The Abortion Series: Oklahoma, Ultrasound Laws, and New Abortion Restrictions
Hot on the heels of the new abortions laws passed in Nebraska, Oklahoma has instituted some of its own disturbing restrictions on abortion, the most invasive and alarming of the new laws is House Bill 2780. HB 2780 makes it a legal requirement for a woman getting an abortion to have an obstetric ultrasound, and for the physician or technician to provide a simultaneous explanation of what the ultrasound depicts. Further, the physician or technician must display the ultrasound images so that the woman may clearly see them, and provide a medical description of the images “which shall include the dimensions of the embryo or fetus, the presence of cardiac activity, if present and viewable, and the presence of external members and internal organs, if present and viewable.” The woman must then sign a certificate testifying that she has been subject to this gross violation of her privacy before the abortion can be legally performed.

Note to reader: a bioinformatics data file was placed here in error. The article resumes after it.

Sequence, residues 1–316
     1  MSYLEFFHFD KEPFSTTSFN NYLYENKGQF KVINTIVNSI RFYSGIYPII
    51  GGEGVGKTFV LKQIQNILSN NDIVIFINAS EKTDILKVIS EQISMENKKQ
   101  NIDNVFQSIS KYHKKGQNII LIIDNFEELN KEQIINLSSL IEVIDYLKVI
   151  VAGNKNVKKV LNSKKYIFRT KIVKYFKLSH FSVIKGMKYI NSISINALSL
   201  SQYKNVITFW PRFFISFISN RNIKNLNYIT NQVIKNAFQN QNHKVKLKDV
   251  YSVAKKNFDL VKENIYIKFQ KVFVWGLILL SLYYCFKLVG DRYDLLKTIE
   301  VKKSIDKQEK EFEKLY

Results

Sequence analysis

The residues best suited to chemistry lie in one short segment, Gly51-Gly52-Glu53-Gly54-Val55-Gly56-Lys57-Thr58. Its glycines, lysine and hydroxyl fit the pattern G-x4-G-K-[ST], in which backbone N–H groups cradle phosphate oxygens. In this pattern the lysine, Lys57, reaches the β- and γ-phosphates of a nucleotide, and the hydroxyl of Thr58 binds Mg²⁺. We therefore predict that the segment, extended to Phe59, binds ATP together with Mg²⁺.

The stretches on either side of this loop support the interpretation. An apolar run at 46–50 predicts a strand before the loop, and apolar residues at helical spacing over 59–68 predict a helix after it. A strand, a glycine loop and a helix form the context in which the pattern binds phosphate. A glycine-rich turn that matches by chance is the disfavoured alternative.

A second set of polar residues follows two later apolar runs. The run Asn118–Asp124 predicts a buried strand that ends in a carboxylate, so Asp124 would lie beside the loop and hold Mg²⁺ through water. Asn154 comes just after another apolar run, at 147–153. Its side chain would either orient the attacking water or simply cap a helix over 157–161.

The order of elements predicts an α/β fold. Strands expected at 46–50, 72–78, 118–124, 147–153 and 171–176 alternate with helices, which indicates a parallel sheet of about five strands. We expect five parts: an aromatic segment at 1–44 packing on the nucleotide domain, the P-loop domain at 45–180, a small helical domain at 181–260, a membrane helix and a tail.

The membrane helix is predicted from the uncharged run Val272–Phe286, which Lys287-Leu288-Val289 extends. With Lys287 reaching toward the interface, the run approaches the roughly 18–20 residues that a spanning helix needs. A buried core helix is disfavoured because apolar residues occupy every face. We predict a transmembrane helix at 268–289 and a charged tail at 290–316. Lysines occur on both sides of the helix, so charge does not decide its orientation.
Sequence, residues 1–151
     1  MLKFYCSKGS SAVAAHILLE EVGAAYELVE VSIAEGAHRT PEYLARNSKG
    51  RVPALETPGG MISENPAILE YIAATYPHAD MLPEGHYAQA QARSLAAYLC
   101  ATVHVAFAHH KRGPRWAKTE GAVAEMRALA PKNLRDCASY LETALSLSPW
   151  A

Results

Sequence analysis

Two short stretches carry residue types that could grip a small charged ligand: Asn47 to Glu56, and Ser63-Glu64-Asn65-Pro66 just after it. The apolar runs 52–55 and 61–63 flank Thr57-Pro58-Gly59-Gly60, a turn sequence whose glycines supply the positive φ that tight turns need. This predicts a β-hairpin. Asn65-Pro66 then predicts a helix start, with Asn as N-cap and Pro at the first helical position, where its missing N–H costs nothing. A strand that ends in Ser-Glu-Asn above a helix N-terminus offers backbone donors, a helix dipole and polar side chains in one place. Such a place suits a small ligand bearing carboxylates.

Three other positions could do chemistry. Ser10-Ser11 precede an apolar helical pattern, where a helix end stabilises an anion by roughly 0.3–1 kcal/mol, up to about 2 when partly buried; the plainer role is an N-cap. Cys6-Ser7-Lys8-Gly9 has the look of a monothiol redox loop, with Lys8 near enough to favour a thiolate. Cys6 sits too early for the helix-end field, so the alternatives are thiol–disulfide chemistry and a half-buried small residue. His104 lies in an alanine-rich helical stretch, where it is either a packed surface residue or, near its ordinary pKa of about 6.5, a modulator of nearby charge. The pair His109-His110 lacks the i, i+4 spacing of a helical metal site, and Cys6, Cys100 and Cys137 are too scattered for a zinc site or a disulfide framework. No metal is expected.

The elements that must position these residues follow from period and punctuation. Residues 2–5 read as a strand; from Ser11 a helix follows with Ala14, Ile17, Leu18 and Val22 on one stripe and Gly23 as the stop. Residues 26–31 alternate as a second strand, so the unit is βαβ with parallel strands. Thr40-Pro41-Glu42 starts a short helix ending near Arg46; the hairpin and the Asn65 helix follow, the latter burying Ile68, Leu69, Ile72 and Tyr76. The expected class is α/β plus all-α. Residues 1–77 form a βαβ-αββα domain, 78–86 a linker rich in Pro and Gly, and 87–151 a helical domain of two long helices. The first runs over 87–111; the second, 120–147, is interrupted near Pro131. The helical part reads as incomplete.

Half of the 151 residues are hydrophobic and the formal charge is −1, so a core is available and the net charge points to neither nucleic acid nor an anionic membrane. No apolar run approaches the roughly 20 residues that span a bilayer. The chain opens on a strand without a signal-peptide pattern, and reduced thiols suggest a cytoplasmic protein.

The other laws that were passed include HB 2656, which states that “the birth of a child does not constitute a legally recognizable injury and that it contrary to public policy to award damages because of the birth of a child or for the rearing of that child.” Essentially, this will prohibit “wrongful life” lawsuits brought by parent(s) suing for damages for a child born with birth defects when the mother was unable to obtain an abortion. There is also HB 3070, which requires any medical facility providing abortions to post a sign stating that is against the law to be coerced or forced to have an abortion, and HB 3284, which requires a woman to answer thirty-eight questions – including why she is seeking an abortion – before the procedure can be performed. HB 3290 prohibits state health plans from covering elective abortion. Finally, then there is Senate Bill 1891 which created the Freedom of Conscience Act, which protects medical employees who refuse to participate in abortion procedures due to a religious or conscientious belief from being forced to participate in such procedures and from retaliation from their employers.